Skip to navigation Skip to content
Skip to content
Back Back to Insurance menu Go to Insurance
Back Back to Holidays menu Go to Holidays
Back Back to Saga Magazine menu Go to Magazine
< Back to Destinations

11th February, 2021

Discover city and rural life in beautiful Tuscany

Think of Tuscany and you picture gentle rolling hills, cypress-lined alleyways, beautiful morning mists, timeless mountain paths and glorious coast of soft and dunes. But, of course, Tuscany is more than just its scenery – here you’ll find a host of fascinating cities such as Florence, Lucca, Pisa and Siena. Choose a holiday in Tuscany and you can enjoy the best of both worlds, as well as delicious authentic cuisine.

Tuscan slow food

Traditional Marocca di Casola bread in a Tuscan market

Formed in 1986, the Slow Food movement is an alternative to fast food and celebrates local produce and authentic regional cuisine. In Tuscany this movement is particularly strong and its manifesto is to preserve gastronomical rarities such as zeri lamb, biroldo della garfagnana sausage, testaroli pancakes, Obetello fish eggs, sorana bean dishes and marocca di casola bread.

I love the simplicity, the ingredients, the culture, the history and the seasonality of Italian cuisine. In Italy people do not travel. They cook the way grandma did, using fresh ingredients and what is available in season.

Anne Burrell, American TV Chef


The pretty mountain village of Gavinana

For a taste of authentic rural life, Gavinana is a little gem of a mountain town tucked away from the well-trodden tourist trail. Set 820 metres up in the Pistoia Apennines, it’s in an area favoured by hikers and walkers keen to explore the forested slopes and rural villages. While Gavinana may be a small town, it’s full of charming Tuscan character, and also close enough to the classic art centres of Florence, Lucca and Siena – with their numerous museums, galleries, cafes and restaurants.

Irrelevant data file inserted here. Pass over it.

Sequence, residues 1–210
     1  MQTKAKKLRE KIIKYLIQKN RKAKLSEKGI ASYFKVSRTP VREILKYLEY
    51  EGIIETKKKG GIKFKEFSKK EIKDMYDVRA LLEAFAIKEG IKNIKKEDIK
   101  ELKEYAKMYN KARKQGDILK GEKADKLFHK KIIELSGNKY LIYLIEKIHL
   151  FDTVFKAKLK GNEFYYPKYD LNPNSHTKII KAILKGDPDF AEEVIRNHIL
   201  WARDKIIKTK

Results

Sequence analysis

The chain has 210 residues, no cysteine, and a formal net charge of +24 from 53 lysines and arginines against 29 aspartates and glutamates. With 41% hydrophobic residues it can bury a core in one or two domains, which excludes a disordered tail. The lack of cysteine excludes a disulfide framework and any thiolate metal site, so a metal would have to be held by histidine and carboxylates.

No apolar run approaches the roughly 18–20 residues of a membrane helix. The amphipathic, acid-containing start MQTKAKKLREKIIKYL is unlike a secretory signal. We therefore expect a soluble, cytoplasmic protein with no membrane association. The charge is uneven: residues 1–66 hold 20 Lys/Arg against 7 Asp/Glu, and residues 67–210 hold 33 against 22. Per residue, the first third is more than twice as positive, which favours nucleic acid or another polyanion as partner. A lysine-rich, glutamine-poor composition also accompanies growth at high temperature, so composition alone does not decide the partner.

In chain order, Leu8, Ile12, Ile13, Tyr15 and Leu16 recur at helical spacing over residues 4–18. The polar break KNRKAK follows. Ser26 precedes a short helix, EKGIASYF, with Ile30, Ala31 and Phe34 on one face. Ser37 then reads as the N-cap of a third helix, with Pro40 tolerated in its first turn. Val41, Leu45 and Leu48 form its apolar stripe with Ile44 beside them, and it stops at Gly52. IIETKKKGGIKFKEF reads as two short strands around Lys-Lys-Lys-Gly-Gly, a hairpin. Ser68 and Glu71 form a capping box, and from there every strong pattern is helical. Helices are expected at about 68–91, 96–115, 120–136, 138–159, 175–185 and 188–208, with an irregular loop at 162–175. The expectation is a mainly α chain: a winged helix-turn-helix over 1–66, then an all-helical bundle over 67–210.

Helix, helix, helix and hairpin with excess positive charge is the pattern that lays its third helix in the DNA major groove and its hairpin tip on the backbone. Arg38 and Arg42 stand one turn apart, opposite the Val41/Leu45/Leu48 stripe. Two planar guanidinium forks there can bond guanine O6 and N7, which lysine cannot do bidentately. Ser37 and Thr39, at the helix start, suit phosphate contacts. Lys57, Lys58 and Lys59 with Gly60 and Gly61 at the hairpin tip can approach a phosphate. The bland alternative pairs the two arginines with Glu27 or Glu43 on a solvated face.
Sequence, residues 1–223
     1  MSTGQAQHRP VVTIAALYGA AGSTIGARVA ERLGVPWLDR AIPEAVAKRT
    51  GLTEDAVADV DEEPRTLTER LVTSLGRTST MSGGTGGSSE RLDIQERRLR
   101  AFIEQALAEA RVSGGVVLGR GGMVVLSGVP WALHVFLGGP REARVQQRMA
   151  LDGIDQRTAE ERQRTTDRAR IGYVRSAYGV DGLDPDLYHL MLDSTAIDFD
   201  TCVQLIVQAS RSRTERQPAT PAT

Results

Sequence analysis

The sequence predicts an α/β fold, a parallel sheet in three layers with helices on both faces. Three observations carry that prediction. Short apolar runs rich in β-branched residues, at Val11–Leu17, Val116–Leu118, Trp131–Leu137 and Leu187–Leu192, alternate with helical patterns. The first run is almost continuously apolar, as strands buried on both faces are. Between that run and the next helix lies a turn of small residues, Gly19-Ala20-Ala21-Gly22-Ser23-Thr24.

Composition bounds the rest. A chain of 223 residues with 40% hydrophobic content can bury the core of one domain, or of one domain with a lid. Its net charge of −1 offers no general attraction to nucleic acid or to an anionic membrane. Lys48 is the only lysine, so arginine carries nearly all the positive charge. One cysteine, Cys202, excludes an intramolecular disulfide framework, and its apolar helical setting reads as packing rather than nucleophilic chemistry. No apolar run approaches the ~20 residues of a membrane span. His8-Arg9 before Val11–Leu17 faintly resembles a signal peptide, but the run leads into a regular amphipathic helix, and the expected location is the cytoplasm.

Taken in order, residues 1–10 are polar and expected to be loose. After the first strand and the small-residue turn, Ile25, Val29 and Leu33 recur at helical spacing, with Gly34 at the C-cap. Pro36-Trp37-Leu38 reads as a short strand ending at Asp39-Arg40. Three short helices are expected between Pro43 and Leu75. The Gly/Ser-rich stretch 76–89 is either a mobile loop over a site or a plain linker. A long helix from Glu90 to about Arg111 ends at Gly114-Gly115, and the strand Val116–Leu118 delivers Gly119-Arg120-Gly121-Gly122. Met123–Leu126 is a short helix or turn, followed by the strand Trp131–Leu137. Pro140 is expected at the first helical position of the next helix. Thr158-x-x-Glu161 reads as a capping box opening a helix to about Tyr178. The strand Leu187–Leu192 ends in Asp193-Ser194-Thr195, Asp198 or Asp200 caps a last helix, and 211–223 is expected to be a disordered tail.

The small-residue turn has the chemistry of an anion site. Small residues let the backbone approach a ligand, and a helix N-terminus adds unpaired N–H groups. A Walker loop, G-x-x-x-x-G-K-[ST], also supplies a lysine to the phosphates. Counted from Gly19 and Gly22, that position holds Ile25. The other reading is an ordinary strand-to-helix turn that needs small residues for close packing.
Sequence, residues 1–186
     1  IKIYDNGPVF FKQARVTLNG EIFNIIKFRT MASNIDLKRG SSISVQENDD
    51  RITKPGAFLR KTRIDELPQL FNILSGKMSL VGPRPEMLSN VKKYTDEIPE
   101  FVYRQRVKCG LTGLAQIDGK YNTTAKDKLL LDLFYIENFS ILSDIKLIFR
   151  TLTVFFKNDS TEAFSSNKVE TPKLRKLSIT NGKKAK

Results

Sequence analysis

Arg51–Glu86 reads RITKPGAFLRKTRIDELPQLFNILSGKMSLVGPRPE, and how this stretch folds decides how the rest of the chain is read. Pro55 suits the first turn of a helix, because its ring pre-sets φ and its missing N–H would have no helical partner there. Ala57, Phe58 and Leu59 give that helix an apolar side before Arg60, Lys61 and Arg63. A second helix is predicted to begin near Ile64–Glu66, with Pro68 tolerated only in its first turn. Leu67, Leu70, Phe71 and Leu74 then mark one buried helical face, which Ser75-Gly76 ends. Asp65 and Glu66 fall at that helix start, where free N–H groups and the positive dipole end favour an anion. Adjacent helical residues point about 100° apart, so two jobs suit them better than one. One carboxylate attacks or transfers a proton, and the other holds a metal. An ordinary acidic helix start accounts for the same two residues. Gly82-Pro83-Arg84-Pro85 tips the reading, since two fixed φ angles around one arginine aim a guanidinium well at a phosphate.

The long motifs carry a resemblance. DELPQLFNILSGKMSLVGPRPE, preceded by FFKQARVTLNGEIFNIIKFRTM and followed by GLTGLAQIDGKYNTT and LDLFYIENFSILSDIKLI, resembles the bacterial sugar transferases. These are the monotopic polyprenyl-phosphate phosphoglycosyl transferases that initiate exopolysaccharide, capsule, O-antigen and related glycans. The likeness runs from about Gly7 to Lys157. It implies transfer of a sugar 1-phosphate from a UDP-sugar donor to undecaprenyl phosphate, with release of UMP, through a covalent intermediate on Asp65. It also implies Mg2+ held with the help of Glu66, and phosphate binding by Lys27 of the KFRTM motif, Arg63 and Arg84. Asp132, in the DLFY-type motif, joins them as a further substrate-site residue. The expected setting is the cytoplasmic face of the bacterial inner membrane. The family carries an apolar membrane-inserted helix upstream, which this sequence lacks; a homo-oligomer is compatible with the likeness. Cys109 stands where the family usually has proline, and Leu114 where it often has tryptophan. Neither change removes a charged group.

A wonderful week in Gavinana, we couldn’t have wished for a nicer hotel, very friendly staff and excellent food. It is such a beautiful area with many walks, and also world-famous places to visit.
We had one tour to Vinci – very interesting and worthwhile, but were quite happy to explore the immediate surroundings.

Anne from Watford, who stayed at the Hotel Franceschi

Bibbona Marina

Sunset over the sea at Marina di Bibbona

One of the most popular seaside resorts on the Etruscan Coast is Bibbona Marina, a pleasant Tuscan resort which grew up around an 18th-century fort and has beautiful blue flag beaches, rolling sand dunes and pinewoods of juniper.

And from here, when you’re not relaxing on the beach and enjoying the sunshine, you can explore the medieval hamlets of Bolgheri and Castagneto. Both are utterly charming with castles, churches and winding cobbled streets. The region of Bolgheri and Castagneto is ringed by vineyards and it is famous for its award-winning wine which has been dubbed ‘Super Tuscan’.

The historic port of Piombino is also close by, which has a rich and fascinating history worth exploring, with a maze of streets leading up from the sea to the 13th-century castle. You can also take the ferry to the Island of Elba, Italy’s third largest island and famously the place to which Napoleon Bonaparte was exiled in 1814 after his forced abdication.


A float from the Carnevale di Viareggio

As Tuscany’s largest seaside town, Viareggio has a long sandy coast, attractive pine forests and grand art nouveau architecture. It is most famous for its Carnival, one of Italy’s most spectacular events, which takes places between February and March when impressive floats are paraded along the seafront. The town has many places of interest such as Villa Paolina, a Liberty-style villa commissioned by Napoleon’s sister in 1822, and Piazza Shelley, named after the English poet who drowned just along the coast. This is an ideal destination if you want to get out and explore as there are easy public transport links to Pisa, Lucca and Florence.

The opinions expressed are those of the author and are not held by Saga unless specifically stated.

The material is for general information only and does not constitute investment, tax, legal, medical or other form of advice. You should not rely on this information to make (or refrain from making) any decisions. Always obtain independent, professional advice for your own particular situation.